People had time to unfollow all the Kremlin's mouthpieces, paid bloggers, and political pundits. They had time to make sure reputation meant something in Russia, which would mean that celebrities like Nikolay Baskov, who actively supports the authoritarian regime, would not get the popularity and admiration they currently have.
They had time to learn to use the correct prepositions with Ukraine, confirming that it is an actual country. Unless, of course, you can get arrested for this, too.
“What have athletes/artists/cats done wrong? Why should they be banned from international events?”
They represent Russia on the international stage — the state that has invaded independent Ukraine and is killing people there. And they are waving the flag that the occupiers dream of flying over Ukrainian cities. They even draw a “Z” on their uniform, which has already become a symbol of the occupiers’ troops.
“I am not ashamed.”
If you spend enough time on social media, you may feel like you don’t know what is going on anymore. On the one hand, you find the world with the hashtags #Мненестыдно (#Im_not_ashamed), #СвоихНеБросаем (#we_dont_give_up_on_our_people), #stoprussianhate. The Russians of this world are proud of their origins, country, culture, strong army, and the president.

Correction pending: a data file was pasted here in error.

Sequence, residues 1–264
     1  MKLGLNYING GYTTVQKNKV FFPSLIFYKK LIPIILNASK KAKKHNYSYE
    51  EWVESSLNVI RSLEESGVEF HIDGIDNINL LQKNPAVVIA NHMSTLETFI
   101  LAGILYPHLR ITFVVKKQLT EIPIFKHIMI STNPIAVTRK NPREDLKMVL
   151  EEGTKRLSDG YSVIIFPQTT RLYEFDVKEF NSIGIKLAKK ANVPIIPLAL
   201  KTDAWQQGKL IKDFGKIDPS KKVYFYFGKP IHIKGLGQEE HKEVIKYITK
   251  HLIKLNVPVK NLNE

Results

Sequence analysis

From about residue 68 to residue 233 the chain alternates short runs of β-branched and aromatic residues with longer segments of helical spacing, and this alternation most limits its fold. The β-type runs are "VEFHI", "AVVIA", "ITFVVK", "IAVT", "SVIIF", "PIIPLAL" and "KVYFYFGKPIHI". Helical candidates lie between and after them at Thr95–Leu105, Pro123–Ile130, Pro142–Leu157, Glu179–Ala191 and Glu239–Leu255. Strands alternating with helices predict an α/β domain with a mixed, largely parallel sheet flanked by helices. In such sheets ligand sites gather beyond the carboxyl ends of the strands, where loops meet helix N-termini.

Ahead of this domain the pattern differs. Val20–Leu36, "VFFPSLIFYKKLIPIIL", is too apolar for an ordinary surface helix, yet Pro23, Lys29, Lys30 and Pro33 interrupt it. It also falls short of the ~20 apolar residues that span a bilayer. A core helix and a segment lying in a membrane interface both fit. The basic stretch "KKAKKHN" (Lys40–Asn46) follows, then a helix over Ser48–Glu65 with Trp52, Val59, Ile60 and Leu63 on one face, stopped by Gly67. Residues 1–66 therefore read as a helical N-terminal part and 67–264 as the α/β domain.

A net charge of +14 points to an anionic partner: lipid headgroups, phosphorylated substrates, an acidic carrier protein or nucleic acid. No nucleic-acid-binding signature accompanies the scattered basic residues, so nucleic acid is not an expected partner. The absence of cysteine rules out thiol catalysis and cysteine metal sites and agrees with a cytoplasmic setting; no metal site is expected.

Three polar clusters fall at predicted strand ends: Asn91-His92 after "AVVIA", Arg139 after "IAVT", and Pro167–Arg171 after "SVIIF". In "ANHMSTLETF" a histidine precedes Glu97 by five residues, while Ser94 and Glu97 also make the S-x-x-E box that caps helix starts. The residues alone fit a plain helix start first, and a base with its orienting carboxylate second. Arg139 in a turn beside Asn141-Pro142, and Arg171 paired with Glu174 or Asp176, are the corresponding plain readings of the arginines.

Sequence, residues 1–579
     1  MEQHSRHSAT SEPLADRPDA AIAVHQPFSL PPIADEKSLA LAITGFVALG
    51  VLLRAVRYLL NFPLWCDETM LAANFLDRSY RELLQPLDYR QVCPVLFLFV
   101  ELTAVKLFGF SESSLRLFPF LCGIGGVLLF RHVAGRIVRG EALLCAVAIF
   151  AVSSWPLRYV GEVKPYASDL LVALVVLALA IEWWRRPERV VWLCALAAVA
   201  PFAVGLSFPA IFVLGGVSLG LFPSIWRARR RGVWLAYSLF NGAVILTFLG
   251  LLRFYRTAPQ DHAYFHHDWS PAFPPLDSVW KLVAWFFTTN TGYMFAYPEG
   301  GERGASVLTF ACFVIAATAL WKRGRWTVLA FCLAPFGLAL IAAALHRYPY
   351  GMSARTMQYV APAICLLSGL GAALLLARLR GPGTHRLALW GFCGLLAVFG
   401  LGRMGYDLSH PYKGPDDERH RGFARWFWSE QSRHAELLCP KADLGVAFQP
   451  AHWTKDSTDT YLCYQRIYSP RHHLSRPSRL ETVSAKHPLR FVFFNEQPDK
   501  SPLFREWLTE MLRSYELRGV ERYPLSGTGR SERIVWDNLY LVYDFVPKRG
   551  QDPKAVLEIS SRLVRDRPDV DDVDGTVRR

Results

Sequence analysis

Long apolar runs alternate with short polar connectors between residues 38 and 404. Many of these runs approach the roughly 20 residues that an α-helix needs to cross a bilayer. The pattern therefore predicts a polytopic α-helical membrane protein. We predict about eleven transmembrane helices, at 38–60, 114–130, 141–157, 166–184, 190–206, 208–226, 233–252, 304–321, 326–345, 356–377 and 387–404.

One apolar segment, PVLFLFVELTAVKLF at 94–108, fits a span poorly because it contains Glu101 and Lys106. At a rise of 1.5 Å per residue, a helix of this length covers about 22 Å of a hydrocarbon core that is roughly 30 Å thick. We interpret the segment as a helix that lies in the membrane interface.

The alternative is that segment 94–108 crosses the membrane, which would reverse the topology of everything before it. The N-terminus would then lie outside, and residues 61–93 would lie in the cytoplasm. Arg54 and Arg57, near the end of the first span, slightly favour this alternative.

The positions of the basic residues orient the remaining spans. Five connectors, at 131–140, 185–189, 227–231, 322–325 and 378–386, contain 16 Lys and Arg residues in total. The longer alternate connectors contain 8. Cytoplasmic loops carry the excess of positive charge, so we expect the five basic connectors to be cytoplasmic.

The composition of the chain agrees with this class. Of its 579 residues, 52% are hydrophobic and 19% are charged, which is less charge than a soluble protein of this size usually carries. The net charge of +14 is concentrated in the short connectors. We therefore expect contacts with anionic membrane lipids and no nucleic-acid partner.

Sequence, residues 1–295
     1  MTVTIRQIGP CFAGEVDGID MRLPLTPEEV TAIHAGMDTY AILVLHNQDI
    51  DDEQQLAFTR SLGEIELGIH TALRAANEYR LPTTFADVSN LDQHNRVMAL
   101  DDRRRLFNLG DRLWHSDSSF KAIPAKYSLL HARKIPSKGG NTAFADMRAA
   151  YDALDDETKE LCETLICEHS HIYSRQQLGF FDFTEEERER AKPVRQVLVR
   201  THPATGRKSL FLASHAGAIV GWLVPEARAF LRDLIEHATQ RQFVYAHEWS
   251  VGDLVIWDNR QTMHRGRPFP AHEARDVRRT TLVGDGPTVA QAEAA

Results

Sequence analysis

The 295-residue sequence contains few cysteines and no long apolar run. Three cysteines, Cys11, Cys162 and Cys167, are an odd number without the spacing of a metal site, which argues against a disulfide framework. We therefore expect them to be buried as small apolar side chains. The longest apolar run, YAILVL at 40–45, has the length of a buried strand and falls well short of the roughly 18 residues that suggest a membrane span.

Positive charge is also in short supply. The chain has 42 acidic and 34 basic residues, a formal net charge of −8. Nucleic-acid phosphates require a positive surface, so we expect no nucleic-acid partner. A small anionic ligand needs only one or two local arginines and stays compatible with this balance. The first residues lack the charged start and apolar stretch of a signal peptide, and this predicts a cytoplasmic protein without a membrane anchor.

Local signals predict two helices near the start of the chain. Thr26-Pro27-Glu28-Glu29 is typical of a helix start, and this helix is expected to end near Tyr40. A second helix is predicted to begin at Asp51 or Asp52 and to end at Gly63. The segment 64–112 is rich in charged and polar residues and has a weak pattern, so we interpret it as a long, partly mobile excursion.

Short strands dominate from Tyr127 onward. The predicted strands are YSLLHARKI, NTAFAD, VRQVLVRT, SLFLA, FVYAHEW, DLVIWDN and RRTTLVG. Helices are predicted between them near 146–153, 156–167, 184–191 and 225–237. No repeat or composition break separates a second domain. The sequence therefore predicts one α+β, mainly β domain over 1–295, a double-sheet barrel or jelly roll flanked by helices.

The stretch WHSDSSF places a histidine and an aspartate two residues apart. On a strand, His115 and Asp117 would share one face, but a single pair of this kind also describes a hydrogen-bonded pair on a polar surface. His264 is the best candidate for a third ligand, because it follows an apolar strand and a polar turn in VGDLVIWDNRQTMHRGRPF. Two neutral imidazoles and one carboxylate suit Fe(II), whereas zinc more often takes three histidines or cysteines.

On the other hand, there is a world with “ordinary people” who “have not chosen anything and cannot change anything” under every photo of bombed Ukrainian cities, under every appeal to Russia. But there is only one reality: you cannot be great and disempowered at the same time. You cannot take ballet and Dostoevsky and leave out corruption, OMON, and the bombing of Kharkiv. This is all their Russia.
Of course, not all Russians are evil, not all of them are even guilty of this war. But everyone identifying with Russia bears a responsibility for it. At this point, saying #notowar is not enough to escape the war.